The beer industry is generally considered recession-proof, since people are still going to drink beer when times get tough. But has the same been true for more expensive craft beer in the recent recession?
Not too long ago one of my favorite fellow beer bloggers, Jeff Alworth of beervana.blogspot.com, commissioned a very unscientific but still interesting survey on whether the recession had influenced personal drinking habits. An impressive 53 percent responded that in some way their drinking habits had already changed. Obviously a shift is underway, which leaves the question of how to continue drinking craft beer when on a budget.
This isn’t just a theoretical exercise for the Smith household, as my wife was recently laid off along with several hundred other teachers in her district. Being reduced to a single income would certainly alter our lifestyle, drinking habits included. Judging by Rhode Island’s 12.6 percent unemployment rate, the third highest in the country, we aren’t the only ones making tough choices.
Making matters worse is beer’s rising price tag. The past few years have seen the largest cost increase for ingredients since the dawn of the craft beer movement. With many farmers shifting to planting corn in order to cash in on lucrative ethanol prices, the cost of a pound of malted barley has increased by 50 percent. Still more pronounced is the shortage of hops, which have quadrupled in price in some places! Even the cost of glass bottles has gone up. Every one of these costs is passed on to the consumer, giving you the days of $10 six-pack that are now upon us.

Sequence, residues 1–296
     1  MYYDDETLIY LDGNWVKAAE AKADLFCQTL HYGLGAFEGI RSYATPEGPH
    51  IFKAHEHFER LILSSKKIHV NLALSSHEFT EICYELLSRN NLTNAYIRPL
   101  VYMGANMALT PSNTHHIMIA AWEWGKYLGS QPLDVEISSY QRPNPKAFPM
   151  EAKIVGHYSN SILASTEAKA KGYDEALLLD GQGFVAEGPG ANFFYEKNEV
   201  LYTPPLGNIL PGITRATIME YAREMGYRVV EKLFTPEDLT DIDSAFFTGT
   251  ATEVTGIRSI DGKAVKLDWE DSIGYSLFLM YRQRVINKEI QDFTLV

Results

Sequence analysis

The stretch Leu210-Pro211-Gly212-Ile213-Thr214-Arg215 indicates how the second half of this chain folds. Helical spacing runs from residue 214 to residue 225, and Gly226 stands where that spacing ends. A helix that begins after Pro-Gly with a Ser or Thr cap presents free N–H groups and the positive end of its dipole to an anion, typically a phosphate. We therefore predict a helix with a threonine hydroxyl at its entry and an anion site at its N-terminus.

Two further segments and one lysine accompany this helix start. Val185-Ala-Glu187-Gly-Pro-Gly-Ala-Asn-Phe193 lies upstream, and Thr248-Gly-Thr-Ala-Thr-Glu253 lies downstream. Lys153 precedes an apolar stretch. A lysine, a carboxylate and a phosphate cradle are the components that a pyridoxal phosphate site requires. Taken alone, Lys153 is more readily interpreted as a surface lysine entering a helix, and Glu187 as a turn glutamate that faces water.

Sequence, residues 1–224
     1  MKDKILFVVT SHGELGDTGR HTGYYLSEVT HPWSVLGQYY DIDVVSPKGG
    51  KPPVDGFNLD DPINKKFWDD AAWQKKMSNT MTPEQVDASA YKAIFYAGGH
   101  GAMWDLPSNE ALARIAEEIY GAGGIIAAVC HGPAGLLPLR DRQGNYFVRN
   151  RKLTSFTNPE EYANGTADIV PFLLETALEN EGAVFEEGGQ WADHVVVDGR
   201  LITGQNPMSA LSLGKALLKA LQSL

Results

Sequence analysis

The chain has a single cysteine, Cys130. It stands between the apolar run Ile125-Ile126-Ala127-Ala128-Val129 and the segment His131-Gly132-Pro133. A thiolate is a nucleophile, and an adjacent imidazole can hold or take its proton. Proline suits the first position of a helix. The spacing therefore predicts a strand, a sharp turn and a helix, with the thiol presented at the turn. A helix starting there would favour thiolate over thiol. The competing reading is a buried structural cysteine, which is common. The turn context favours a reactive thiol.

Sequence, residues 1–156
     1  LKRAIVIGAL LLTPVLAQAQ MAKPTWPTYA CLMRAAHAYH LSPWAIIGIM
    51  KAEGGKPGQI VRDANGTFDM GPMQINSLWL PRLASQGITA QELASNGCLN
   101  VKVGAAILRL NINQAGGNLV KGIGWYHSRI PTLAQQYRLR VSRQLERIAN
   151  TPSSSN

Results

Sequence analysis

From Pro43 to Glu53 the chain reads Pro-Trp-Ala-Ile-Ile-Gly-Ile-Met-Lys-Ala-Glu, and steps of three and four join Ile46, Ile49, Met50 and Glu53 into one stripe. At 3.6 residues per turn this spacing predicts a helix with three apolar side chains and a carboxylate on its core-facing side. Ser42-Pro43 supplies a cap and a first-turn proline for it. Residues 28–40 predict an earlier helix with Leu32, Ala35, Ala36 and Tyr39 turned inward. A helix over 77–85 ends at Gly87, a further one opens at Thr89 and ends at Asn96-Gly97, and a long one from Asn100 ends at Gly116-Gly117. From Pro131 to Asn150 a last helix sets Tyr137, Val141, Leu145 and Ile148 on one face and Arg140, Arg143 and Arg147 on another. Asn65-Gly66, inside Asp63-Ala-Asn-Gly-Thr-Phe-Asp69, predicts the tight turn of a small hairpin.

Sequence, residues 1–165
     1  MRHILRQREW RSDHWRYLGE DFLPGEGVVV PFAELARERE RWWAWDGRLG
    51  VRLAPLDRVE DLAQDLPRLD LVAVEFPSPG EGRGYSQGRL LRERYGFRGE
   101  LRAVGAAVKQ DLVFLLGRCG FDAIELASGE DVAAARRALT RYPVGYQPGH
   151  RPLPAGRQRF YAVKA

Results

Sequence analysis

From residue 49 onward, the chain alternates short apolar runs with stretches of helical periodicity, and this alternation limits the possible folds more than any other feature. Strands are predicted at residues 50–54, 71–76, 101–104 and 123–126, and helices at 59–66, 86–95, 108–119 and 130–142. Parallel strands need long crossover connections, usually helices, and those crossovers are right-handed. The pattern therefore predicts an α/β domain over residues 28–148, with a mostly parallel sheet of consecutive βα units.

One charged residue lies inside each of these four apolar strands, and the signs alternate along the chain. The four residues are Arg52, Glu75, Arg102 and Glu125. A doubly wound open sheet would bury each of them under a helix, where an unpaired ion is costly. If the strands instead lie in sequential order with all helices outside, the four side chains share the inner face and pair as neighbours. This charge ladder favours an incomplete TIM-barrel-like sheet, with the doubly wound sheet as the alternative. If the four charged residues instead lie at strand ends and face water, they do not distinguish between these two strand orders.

So when I am feeling a little strapped for cash, my first recourse is to stay in that night. It is expensive to drink out, and you probably pay two to three times more in a bar for the same exact beer you can buy in a store. While not economical from a volume perspective, sampler trays allow you to try four different beers for around $8. Samplers provide an opportunity to be social and experience what a bar has to offer without breaking the bank.
When stocking up on beer, make sure your liquor store’s prices are where they should be. Driving the extra distance to my favorite store makes a difference — 50 cents to a dollar less on each purchase adds up. Watch for sales too: Nikki’s Liquors in Providence recently featured HARPOON as their “brewer of the month,” offering six-packs for $7.49. Not bad.
Be sure to consider volume as you shop as well. Just do the math; even a moderately priced 22-ounce bomber at $5.49 works out to be an $18 six-pack by volume! When you really think about it, six-packs are a no-brainer. It is harder to find 12-packs of good beer, but at $15 for a case of SIERRA NEVADA PALE ALE or SHIPYARD EXPORT ALE, the price is right.
Obviously some beers are a better value than others. Try to avoid slickly marketed and overpriced brands. Both newly-launched and local brewers tend to be cheaper, and bargains can always be found among the German lagers.
Regional brewers like NARRAGANSETT and YUENGLING are an even better deal with six-packs for only $5 — and for ’Gansett you are getting six tall boys! I will often keep one of these on hand to switch over to on session nights.